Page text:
Ralph Joel Roberts, cable television tycoon and Comcast creator, died on June 18, 2015 at the age of 95. In a statement for The New York Times, his son, current CEO of Comcast Brian Roberts, describes him as “the most optimistic man [he] ever knew” and as having “a will to succeed […] with certain core values and integrity.” The family stated that, “he was a wonderful husband, father and grandfather and perhaps most importantly, a kind and humble human being.” Others who worked with Roberts remember him for his “kindness and respect” as well as his “friendship and generosity,” as cited by CNN. Though Roberts built Comcast, a company now worth $147.8 billion and ranking #46 on the Forbes Global 2000 List, from the ground up, he once sited his greatest accomplishments as his continued close relationships with all of his children.
Born on March 13, 1920 in New York, Ralph Roberts was the son of Russian Jewish immigrant Robert Max Roberts who made his name in the pharmaceutical industry with a small local chain. When his father died and his mother moved the family to the Germantown area of Philadelphia, the Pennsylvania capital became his business base.
Like his father, Roberts was an entrepreneur in spirit and kept an eye out for cutting edge product investments as soon as he graduated from the University of Pennsylvania. After dabbling in golf club sales and the background music industry, Roberts went into men’s retail. By 1961 he owned Pioneer Suspender Company, which he sold in 1961 to form the International Equity Corp. with Dan Aaron and Julian Brodsky. Together they purchased the American Cable Systems, a 1200-subscriber communications and broadcasting corporation based out of Tulepo, Mississippi.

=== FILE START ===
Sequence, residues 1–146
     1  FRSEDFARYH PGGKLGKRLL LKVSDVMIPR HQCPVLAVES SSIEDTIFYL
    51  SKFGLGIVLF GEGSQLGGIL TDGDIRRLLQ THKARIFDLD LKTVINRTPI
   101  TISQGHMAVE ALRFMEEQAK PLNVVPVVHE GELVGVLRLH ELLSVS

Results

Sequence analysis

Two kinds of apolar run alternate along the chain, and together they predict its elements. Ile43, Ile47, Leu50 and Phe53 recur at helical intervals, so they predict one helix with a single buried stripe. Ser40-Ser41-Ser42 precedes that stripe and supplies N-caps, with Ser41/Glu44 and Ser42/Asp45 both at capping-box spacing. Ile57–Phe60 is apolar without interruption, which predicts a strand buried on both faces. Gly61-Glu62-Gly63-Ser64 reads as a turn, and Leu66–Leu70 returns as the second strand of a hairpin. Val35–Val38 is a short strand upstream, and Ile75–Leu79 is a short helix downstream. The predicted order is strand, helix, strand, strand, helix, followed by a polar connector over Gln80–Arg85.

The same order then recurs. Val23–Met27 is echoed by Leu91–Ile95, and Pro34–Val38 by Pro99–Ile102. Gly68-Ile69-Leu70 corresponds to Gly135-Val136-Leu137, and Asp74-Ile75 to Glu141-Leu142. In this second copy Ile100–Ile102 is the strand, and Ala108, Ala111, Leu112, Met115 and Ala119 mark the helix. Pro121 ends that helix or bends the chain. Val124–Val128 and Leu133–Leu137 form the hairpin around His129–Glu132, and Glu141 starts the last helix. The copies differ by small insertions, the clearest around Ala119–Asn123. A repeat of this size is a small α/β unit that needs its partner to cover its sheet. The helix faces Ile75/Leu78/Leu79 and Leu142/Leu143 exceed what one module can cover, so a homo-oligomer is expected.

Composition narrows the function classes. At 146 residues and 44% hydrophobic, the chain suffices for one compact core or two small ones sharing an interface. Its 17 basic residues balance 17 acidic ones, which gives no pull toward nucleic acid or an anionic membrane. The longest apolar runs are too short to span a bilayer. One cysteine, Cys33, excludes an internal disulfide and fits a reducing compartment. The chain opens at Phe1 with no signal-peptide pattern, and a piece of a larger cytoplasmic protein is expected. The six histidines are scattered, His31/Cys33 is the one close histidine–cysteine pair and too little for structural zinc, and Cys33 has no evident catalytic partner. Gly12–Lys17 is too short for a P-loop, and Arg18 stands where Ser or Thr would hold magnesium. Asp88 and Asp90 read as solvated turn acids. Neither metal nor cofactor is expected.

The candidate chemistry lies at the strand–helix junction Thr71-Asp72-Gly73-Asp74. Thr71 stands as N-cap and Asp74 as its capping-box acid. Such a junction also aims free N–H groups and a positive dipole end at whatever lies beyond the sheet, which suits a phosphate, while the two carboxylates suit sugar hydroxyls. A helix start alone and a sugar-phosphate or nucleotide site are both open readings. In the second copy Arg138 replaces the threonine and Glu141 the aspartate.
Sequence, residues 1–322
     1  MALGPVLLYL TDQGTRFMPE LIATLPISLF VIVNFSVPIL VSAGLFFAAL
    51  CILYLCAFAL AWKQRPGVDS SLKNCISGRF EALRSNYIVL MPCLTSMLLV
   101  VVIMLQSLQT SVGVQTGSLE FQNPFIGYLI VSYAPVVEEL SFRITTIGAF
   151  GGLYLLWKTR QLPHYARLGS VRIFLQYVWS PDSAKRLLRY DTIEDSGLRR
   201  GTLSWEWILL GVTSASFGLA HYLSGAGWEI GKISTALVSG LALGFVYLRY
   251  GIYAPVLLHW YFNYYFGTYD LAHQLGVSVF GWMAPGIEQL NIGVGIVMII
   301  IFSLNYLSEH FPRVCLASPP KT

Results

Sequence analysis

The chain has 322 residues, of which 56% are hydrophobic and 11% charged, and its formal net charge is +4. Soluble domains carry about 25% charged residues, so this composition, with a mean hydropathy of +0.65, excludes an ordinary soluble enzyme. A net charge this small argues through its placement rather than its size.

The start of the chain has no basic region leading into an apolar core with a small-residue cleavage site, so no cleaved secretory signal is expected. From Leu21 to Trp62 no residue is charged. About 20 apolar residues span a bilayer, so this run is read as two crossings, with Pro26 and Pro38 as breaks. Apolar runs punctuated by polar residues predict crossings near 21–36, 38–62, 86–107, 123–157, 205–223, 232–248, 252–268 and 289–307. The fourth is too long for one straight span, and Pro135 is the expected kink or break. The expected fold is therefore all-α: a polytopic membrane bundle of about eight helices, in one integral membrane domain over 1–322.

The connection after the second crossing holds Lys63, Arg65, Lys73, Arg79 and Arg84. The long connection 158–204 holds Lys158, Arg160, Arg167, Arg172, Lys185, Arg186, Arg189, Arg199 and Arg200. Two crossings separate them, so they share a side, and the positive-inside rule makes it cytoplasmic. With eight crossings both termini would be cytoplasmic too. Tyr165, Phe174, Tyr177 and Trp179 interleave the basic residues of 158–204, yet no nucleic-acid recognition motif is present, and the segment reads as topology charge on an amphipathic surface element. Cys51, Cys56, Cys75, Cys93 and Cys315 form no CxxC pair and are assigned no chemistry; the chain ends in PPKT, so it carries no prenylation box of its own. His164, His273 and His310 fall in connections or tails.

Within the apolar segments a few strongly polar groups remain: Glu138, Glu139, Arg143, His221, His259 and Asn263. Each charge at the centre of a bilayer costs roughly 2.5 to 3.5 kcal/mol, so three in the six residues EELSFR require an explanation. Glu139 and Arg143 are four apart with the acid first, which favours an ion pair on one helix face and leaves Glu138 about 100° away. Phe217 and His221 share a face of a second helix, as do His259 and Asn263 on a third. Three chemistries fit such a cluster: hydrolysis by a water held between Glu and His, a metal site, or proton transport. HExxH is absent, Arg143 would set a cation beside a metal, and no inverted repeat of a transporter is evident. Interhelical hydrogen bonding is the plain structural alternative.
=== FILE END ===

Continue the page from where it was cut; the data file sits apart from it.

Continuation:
Roberts changed the company’s name to Comcast, a combination of the words communication and broadcasting. It has been the single largest U.S. cable provider since 2001, providing cable to a sixth of the nation’s households. Comcast now owns Xfinity, NBCUniversal, various professional sports holdings, and venture capital funds.
A pioneer in the U.S. cable industry, Roberts was a key player in creating the array of internet and television choices that many Americans are able to enjoy today. He is quoted as having said that, “cable television is a pure, unadulterated demonstration of what can be done in America. We’ve taken a great idea and in one generation created an industry and made it available to over 90% of American homes.” Roberts’s success story as the hard-working immigrant’s son epitomizes the American dream.
Roberts is succeeded by his wife of 70 years, Suzanne Fleisher, as well as four of their children and eight grandchildren.